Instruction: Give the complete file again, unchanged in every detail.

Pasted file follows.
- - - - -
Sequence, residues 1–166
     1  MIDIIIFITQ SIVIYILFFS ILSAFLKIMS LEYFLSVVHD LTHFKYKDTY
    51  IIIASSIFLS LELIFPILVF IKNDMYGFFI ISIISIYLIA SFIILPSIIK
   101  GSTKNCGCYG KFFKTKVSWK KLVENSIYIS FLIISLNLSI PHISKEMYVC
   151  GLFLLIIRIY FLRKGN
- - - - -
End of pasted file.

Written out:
Sequence, residues 1–166
     1  MIDIIIFITQ SIVIYILFFS ILSAFLKIMS LEYFLSVVHD LTHFKYKDTY
    51  IIIASSIFLS LELIFPILVF IKNDMYGFFI ISIISIYLIA SFIILPSIIK
   101  GSTKNCGCYG KFFKTKVSWK KLVENSIYIS FLIISLNLSI PHISKEMYVC
   151  GLFLLIIRIY FLRKGN